Like many other TV fans, I was very saddened by the end of NBC’s Parks & Recreation earlier this year. It felt in some ways like the end of an era; many considered Parks to be one of the last remaining great sitcoms, and at the very least it marked the official end of NBC’s multi-decade dominance of the sitcom genre. The Peacock network opted this past year to end its once-popular Thursday night “Must See TV” lineup, one that had traditionally featured the network’s best comedy shows, instead refocusing its primetime schedule around a slate of (largely unsuccessful) dramas. While Parks & Rec finished its run on Tuesday nights due to this shift, it had spent the bulk of its lifetime as part of that Thursday night lineup, sandwiched in between other modern gems such as its sister show The Office. However, the collapse and final demise of NBC’s comedy empire is not the only era that may have ended with Parks & Rec.
Centered around its eternally sunny protagonist Leslie Knope (Amy Poehler), Parks was unique in a modern landscape where so many sitcoms have shifted to depicting unsympathetic, Seinfeldian characters whose failures we don’t mind laughing at. Shows such as It’s Always Sunny in Philadelphia offer up gleefully terrible human beings for our viewing pleasure, knowing that the audience will feel nothing but amusement at watching their deranged adventures. This makes for fertile ground for comedy, and Sunny‘s brilliant creative team executes their premise flawlessly.
With Parks & Rec, however, this mean-spirited nature is nowhere to be found. When Leslie and the gang suffer setbacks, it isn’t funny to the audience but rather genuinely upsetting. These aren’t caricatures of horrible people; these are fully-developed human beings, each tailored perfectly to their respective actors to create the illusion that we really are just acting as a documentary crew observing their daily lives.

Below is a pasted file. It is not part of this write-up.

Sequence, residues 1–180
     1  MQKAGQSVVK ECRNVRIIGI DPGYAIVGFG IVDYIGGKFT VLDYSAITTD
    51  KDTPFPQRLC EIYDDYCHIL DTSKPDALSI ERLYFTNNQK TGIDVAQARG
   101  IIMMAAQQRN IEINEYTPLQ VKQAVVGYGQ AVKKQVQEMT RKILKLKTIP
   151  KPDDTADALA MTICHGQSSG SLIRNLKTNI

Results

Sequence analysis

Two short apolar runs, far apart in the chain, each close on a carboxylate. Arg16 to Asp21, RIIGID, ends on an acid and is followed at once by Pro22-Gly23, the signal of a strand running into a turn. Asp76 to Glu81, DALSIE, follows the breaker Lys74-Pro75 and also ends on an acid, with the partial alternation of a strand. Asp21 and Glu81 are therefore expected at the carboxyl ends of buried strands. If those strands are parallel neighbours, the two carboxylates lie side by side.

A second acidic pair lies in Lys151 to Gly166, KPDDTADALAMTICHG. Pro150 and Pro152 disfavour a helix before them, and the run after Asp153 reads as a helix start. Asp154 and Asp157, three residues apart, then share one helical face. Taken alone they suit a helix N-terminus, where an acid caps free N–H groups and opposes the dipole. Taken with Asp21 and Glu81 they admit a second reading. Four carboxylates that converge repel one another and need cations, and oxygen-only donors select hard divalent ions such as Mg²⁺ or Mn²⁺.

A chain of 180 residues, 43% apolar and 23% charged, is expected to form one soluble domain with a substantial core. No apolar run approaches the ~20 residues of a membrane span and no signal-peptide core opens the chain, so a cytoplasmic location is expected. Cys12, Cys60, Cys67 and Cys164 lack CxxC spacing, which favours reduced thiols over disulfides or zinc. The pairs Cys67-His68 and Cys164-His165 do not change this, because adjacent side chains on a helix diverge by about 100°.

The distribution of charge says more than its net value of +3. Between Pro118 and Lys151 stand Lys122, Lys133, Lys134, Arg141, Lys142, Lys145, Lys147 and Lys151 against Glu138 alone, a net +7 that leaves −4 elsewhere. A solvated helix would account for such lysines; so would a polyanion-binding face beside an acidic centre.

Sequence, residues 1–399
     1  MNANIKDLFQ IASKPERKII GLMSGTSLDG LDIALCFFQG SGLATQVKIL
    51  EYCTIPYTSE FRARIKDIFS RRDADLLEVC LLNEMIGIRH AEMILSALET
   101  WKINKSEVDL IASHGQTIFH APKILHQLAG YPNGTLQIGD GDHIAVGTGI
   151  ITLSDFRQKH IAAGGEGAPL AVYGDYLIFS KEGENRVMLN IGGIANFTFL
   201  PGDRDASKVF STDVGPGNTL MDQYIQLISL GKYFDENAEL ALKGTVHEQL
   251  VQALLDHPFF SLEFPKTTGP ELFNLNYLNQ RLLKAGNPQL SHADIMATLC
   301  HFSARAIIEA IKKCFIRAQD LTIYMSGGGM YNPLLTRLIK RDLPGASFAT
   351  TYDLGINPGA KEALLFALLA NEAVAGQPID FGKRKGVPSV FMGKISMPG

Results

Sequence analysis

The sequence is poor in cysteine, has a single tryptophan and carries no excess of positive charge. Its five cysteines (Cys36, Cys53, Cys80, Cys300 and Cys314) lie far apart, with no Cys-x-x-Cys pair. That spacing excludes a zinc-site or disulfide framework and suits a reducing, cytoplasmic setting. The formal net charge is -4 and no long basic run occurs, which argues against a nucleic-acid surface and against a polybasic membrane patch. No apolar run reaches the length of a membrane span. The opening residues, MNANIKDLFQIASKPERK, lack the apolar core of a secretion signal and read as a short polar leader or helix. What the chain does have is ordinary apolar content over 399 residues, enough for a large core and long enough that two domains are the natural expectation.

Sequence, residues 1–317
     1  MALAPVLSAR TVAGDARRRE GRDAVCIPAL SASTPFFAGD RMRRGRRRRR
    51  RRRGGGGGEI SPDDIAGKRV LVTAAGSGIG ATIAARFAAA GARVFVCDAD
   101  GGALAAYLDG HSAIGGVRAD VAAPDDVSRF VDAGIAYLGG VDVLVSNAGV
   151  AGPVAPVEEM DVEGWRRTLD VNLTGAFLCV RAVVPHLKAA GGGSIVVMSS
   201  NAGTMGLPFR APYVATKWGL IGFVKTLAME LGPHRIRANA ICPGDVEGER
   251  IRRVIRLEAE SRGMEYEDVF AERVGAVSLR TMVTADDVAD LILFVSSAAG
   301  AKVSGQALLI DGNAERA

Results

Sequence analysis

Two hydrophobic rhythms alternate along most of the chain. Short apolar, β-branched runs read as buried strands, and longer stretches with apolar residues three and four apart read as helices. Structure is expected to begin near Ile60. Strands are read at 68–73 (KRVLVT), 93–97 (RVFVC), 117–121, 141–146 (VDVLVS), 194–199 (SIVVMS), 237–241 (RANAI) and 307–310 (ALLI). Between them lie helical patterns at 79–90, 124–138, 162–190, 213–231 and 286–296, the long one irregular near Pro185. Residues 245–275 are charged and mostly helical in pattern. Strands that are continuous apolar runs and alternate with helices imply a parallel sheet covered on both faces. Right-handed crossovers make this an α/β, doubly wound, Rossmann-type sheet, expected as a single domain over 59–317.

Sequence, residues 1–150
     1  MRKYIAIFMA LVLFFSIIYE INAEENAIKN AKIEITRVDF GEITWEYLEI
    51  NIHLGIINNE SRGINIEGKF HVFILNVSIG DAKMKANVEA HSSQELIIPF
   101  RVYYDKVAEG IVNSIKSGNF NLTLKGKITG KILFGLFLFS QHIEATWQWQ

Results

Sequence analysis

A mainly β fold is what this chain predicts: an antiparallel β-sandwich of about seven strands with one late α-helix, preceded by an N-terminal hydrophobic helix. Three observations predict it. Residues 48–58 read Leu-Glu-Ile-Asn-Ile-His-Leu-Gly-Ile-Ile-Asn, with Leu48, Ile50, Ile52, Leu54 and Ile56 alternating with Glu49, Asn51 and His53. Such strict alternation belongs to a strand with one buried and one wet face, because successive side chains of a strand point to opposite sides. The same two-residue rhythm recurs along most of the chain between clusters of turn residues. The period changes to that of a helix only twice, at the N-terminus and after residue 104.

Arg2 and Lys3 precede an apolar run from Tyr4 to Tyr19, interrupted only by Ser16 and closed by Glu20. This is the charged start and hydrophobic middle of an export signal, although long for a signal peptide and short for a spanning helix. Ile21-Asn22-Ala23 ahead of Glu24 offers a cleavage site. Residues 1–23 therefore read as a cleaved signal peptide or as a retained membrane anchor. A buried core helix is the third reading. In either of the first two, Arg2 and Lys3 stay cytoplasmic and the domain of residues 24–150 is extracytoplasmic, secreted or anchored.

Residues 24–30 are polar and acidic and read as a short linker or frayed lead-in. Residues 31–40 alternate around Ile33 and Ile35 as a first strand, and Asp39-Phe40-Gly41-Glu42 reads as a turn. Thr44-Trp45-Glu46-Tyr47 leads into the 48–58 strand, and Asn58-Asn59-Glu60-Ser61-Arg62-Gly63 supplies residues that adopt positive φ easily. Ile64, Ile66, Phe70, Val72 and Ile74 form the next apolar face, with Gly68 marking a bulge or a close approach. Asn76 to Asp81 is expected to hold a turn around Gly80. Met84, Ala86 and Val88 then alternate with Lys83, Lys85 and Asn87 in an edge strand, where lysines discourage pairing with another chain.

Sitcoms traditionally have applied this kind of heart to their characters until recently. The half-hour comedy format was seen as serving two purposes for audiences: to make them laugh, and to give them an escape from their everyday lives. What better way to do that than to turn on the TV and watch a group of people that you feel as though you truly know hang out for 30 minutes? The recent trend, however, seems to be taking much of the “heart” out of the genre, creating a more cynical (though arguably funnier) final product.
Should sympathetic characters be phased out of sitcoms in favor of characters that are easier to laugh at? This is something I’d love to hear others’ opinions on, as personally I have no answer for it; I love sitcoms that make me care about the characters, but I also love ones that are essentially just rapid-fire joke machines. Feel free to leave any thoughts in the comment section!